Amsterdam based Nik Mimpen’s sadhana includes daily Sandhya (puja), along with pranayam, meditation and yogasana. In India, he has spent time in Patnem, the south of Goa, where he first joined a month yoga teacher training and later met a Vedacharya, with whom he learnt the basics of Ayurveda, Marma, Yogashastra a received Upanayan sanskaar.
He also spent some time around Vashist near Manali, stayed near Rishikesh and went on a yatra to Kedarnath. In his later travels he spent time at Coimbatore at the Isha Yoga Center and also in Pondicherry near Sri Aurobindo’s ashram.
He started his journey with yoga four years ago with a teacher training programme in Sri Kali Ashram, after which he spent 6-9 months learning with a Vedacharya undergoing sanskaars and initiation.
Based in Amsterdam, Nik did an online course in Ayurveda with Dr David Frawley, and also a course in Advaita Vedanta through a shishya of Swami Dayananda His initiation into chanting was a Bhagavad Gita chanting course by Kavailya Dhama. Nik’s fascination for ancient Indian sciences led him to read books on different Vedic subjects including Yoga, Vedanta, Ayurveda and Jyotish. His yoga training includes a slow accessible hatha series, called TriDosha Balancing series.
Nik was a recipient of Indica Yoga’s scholarship for Vedic chanting with Shantala Sriramaiah recently. In this interview he shares his love for India’s Vedic culture.
What inspired you to apply for the chanting course? How did you learn about it?
I participated in a Vedic chanting course of vedastudies.com to learn Rig Veda mantras. At the end of this course, Hari Kiran ji, Founder Indic Academy, gave a short intro on the projects that he has initiated. Because of my resonance with him and his work, I signed up for the newsletter of Indic Academy. When I saw the announcement of the scholarship and the possibility to study more with Shantala ji, I immediately applied for it.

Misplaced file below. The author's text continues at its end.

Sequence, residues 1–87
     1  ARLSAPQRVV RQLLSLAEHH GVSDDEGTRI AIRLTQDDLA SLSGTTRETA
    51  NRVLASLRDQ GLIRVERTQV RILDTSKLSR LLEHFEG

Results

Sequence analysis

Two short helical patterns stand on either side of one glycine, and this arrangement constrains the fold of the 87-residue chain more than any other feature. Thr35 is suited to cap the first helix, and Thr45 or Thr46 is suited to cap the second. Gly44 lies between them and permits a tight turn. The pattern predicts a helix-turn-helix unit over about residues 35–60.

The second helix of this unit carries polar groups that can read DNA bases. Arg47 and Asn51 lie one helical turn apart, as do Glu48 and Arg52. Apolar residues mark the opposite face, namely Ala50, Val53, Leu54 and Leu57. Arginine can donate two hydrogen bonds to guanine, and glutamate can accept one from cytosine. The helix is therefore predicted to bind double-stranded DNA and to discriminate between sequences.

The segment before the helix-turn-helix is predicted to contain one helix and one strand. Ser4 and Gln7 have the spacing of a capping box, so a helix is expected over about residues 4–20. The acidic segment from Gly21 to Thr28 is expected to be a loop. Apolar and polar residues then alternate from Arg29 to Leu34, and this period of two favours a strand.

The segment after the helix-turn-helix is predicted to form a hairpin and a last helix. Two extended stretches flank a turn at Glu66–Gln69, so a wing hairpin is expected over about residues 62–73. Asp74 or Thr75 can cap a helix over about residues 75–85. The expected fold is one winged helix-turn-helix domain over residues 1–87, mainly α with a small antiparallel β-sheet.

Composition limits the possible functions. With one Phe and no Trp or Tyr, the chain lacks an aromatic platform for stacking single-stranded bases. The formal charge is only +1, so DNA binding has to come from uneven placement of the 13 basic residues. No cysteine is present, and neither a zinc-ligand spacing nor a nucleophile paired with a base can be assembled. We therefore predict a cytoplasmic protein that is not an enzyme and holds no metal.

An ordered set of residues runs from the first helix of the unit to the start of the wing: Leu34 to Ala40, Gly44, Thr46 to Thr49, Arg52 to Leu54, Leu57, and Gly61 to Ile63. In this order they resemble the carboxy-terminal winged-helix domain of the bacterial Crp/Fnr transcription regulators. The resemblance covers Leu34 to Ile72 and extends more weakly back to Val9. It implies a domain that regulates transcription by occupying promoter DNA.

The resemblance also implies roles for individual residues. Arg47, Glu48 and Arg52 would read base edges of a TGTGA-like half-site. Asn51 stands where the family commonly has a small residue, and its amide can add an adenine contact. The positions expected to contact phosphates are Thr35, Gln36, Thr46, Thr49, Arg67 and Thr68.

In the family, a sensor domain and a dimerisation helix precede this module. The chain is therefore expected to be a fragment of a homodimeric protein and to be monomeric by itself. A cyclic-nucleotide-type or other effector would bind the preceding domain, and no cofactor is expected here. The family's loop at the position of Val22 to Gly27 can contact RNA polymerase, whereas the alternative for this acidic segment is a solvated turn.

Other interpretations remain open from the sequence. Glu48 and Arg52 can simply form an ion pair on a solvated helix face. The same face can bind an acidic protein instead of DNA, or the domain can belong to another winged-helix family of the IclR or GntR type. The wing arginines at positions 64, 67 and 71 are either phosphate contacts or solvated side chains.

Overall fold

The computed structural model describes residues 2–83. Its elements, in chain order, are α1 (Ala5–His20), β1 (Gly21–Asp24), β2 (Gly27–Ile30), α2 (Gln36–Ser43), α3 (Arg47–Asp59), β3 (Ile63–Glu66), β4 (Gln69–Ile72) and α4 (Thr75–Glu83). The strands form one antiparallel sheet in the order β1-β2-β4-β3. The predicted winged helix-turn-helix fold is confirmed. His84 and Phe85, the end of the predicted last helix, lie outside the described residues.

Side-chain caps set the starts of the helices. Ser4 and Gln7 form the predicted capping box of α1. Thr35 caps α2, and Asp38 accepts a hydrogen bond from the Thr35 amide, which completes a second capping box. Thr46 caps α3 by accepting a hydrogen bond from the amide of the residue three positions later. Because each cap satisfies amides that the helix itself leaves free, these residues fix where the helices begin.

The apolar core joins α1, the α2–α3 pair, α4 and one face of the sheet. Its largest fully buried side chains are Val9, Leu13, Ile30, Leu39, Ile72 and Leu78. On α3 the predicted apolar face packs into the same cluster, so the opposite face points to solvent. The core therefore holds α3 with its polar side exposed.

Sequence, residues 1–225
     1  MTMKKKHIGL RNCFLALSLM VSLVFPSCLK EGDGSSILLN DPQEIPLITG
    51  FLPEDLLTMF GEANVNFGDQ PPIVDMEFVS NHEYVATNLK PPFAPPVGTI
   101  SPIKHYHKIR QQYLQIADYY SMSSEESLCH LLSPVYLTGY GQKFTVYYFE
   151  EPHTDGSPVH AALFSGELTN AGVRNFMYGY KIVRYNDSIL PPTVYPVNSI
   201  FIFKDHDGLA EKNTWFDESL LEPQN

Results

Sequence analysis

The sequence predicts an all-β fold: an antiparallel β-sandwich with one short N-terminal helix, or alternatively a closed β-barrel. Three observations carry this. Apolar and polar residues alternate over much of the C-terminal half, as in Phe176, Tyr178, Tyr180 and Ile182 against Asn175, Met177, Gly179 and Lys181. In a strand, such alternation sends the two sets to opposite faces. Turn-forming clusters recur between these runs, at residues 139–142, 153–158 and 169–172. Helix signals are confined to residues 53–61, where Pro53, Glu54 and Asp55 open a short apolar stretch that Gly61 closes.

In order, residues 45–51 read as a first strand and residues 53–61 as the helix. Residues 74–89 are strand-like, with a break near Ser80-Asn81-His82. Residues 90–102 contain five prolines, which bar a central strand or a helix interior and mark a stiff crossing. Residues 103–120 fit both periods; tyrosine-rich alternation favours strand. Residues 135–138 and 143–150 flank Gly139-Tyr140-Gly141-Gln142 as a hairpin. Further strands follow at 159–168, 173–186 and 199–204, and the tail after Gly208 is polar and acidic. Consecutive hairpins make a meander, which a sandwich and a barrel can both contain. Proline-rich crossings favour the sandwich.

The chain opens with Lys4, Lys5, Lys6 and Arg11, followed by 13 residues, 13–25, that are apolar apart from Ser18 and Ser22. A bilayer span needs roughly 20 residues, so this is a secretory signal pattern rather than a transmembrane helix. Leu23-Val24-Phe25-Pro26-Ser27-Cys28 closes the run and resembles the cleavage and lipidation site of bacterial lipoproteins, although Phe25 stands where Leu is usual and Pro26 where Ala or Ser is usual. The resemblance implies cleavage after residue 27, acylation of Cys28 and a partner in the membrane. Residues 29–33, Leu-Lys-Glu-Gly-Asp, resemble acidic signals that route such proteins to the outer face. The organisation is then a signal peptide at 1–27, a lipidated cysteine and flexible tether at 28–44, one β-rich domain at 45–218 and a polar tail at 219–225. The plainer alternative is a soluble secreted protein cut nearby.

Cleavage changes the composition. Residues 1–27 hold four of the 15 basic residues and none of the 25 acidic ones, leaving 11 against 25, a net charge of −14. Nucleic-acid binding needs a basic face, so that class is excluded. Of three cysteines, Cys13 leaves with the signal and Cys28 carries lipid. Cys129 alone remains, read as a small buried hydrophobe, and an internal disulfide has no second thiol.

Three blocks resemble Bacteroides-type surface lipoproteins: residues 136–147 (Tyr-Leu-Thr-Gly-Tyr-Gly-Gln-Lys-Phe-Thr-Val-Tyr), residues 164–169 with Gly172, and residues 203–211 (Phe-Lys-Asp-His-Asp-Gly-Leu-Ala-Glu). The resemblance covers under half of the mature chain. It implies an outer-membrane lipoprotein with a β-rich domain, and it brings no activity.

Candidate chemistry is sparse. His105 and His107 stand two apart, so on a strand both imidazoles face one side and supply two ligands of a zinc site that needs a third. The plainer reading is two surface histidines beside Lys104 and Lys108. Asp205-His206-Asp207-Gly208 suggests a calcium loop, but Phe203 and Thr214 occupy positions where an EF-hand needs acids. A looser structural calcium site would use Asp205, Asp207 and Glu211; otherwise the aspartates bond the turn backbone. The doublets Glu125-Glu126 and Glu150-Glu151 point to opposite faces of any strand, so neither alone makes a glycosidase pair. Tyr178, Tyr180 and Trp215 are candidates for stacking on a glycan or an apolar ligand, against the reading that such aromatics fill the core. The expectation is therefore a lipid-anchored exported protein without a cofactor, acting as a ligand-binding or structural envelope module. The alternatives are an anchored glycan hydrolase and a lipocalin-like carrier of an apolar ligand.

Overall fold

What areas of Indian culture are you interested in which opened you up to chanting?
I am curious about life in its totality. At one point this curiosity led me to join a breathing /pranayam session in Amsterdam. This turned out to be a profound experience for me, which led me to India in search of the root of authentic teachings in yogic science. This led me to more profound experiences in India, which changed my life to a state wherein my interest only goes towards purifying and transforming myself guided by Vedic knowledge. So literally every aspect of it I find fascinating because of its profundity and congruence throughout. In this phase I am drawn towards chanting by an intuitive pull, the desire to work on my Vishuddha chakra and the wish to develop my voice apparatus better and as a tool to learn how to use it properly, since I grew up without Sanskrit.
The chants you learnt are millennia old. What are your impressions of these ancient sounds? Do you feel any changes in your state of mind and body?
I find it difficult to connect these chants to any time frame. To me it seems timeless wisdom that is available always for rishis and seers amongst us.